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I'm curious if there is a good strategy for handling various game types inside a game that run off the same main game loop? In other words, I have a game with three different game types. There are only a few minor differences between each type, so they currently run using the same loop/classes. One is a 'how many X's can you get before time runs out', another is 'how long does it take you to capture 10 X's', and the last is a 'practice/ infinite time' game type. Right now my strategy is to run an if, then, else check at all differentiating parts of the game and perform the appropriate logic for each game type.

if (gameType == INFINITE)
{...}
else if (gameType == TIMED)
{...}
else
{...} 

This seems horribly wrong to me, and also inefficient. I don't want to bog down the CPU with all these unnecessary checks when it seems like I could do this check once and proceed forward. I also do not want to copy-paste all of my classes to only make minor changes in each. Is there a good way to do this?

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1 Answer 1

up vote 3 down vote accepted

One way to handle that is to create a screen manager system. This essentially means that you have an abstract class with update and draw operations. Each game (screen) you have then inherits from this, allowing each to have its own update/draw behavior. Ultimately you need to have an if-else or switch statement to decide which to draw/update. One way to minimize this is to keep track of the current "screen" using a variable of your abstract type, you can then polymorphically assign whichever screen needs to be update/drawn to that variable. Then when you call update or draw on the current screen you don't need to know it's concrete type.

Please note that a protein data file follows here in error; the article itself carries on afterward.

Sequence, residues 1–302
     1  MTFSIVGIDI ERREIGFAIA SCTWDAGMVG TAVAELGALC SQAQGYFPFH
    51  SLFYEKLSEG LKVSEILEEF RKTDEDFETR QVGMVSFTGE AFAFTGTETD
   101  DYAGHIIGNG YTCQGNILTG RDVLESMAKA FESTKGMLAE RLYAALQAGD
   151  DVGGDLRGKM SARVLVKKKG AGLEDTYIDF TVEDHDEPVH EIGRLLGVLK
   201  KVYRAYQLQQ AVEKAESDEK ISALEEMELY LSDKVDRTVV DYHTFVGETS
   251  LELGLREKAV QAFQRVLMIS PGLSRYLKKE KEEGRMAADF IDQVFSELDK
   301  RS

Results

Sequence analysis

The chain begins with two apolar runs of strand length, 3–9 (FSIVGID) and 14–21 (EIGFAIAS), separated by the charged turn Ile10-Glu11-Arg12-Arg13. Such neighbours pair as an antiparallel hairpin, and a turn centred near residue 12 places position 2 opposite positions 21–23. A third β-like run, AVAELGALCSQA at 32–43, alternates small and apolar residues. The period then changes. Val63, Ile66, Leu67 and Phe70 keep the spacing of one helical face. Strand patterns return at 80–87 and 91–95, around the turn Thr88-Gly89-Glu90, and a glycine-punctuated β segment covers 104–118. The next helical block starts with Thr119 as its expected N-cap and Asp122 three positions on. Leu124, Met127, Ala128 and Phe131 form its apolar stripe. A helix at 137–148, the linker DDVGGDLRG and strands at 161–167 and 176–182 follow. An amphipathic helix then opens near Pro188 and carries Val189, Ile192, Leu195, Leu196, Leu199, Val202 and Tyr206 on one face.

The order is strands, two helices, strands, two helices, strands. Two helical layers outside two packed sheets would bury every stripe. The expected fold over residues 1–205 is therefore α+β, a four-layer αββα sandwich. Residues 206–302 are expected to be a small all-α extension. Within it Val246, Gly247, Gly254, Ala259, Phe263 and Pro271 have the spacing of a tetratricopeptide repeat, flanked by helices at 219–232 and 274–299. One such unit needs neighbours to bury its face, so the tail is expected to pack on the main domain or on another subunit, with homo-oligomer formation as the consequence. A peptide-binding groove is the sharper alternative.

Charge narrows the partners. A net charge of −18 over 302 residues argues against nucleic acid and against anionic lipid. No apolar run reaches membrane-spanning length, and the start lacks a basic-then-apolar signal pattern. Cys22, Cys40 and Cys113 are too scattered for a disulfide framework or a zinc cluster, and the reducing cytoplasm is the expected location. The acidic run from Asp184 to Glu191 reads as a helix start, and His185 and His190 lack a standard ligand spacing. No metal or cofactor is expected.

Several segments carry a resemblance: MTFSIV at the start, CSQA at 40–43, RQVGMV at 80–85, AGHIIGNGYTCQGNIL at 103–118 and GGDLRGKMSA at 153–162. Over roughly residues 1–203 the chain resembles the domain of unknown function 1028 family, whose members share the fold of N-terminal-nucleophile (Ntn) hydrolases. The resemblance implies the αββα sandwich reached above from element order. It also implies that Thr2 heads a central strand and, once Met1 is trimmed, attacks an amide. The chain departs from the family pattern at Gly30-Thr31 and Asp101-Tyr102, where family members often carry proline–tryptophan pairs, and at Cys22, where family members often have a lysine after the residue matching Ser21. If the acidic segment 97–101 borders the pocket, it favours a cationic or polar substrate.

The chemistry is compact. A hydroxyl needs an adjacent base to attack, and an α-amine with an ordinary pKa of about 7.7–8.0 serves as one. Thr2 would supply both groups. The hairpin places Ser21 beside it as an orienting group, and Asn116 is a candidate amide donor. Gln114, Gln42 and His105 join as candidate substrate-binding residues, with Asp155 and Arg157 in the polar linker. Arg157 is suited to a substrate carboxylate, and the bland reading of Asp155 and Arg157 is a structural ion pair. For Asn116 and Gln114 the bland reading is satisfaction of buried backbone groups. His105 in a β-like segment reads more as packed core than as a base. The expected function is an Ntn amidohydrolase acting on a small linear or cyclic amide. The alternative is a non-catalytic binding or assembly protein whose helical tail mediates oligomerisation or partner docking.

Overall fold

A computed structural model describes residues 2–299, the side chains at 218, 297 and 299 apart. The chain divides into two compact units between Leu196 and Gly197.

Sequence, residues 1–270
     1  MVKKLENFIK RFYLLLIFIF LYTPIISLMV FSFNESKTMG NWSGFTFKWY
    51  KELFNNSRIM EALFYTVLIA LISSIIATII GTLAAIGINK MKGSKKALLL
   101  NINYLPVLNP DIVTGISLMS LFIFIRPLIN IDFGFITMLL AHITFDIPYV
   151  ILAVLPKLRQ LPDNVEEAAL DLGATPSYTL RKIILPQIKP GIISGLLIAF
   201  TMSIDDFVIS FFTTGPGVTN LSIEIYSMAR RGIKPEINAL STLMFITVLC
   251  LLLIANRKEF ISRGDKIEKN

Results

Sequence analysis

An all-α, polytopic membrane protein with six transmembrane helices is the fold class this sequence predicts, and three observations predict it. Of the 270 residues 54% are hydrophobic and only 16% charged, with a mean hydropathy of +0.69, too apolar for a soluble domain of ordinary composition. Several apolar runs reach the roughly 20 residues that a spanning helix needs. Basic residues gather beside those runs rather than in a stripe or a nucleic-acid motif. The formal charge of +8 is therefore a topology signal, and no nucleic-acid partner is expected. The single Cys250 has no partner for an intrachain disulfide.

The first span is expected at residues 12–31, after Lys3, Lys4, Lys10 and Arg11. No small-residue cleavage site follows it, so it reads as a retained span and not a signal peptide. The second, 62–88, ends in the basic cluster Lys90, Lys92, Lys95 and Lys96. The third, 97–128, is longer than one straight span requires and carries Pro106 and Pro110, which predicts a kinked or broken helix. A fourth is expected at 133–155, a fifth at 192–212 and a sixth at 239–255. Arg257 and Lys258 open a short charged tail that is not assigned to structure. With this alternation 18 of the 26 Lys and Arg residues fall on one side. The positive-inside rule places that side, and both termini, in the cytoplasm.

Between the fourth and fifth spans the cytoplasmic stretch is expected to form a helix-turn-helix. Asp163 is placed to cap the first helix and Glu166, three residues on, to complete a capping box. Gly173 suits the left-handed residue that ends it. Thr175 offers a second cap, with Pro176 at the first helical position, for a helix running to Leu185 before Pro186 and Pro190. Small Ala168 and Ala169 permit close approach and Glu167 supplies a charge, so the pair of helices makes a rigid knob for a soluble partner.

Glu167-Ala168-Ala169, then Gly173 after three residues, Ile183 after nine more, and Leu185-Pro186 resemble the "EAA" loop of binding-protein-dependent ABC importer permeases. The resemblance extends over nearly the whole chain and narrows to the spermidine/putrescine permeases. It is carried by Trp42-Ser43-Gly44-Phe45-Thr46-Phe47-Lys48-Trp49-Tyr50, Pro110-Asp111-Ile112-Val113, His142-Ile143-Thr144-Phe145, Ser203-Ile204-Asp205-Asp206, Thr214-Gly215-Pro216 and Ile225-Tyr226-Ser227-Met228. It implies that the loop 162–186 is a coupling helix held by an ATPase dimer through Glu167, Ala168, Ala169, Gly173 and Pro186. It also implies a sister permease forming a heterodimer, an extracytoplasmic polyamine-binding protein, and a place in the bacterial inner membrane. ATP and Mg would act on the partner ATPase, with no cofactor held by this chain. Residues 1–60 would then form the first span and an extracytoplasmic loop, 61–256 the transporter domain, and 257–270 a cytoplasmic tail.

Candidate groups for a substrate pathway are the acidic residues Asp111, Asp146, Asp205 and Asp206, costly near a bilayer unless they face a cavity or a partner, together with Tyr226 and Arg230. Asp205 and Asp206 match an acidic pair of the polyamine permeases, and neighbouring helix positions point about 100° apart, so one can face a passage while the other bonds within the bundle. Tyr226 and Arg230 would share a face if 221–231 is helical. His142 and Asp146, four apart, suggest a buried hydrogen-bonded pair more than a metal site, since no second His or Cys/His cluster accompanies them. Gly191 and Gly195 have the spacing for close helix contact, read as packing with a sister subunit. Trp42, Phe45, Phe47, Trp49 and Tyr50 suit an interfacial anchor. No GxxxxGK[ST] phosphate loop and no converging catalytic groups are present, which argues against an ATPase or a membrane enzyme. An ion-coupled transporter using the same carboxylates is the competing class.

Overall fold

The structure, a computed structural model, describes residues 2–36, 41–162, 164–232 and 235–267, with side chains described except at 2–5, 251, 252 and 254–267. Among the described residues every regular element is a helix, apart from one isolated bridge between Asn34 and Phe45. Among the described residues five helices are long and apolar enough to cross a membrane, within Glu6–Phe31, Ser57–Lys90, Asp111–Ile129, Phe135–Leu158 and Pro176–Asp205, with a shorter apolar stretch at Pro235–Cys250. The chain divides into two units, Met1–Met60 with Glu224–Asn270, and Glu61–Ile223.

There are lots of examples out there, a decent XNA one can be found at: http://xbox.create.msdn.com/en-US/education/catalog/sample/game_state_management

The idea is completely transferable. Most use this system to add menu screens and things, but there is no reason it couldn't be used for your purpose.

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Oh boy. This would require a major, major refactoring of my code. –  Clever Mar 6 '13 at 18:43
    
@Clever yea that can be an issue lol –  Chris McCabe Mar 6 '13 at 18:45
2  
well, when it comes to performance, only one way to know for sure, is to measure it - on devices. I generally find that a few ifs are a drop in the proverbial bucket with cocos2d, especially considering the cost of graphic rendering. But once again, measure measure measure. And only optimize if there is something. –  YvesLeBorg Mar 6 '13 at 18:57
1  
cocos2d+MVC? KoboldTouch ;) –  LearnCocos2D Mar 6 '13 at 19:18
1  
@Clever If what you have at the minute works for you and it will cause you a lot of headaches to redesign then I would take this as a lesson learned and avoid the problem in the future. With the kind of tight coupling you're describing almost any design pattern that solves your problem will require quite a bit of refactoring. Best of luck! –  Chris McCabe Mar 6 '13 at 20:01

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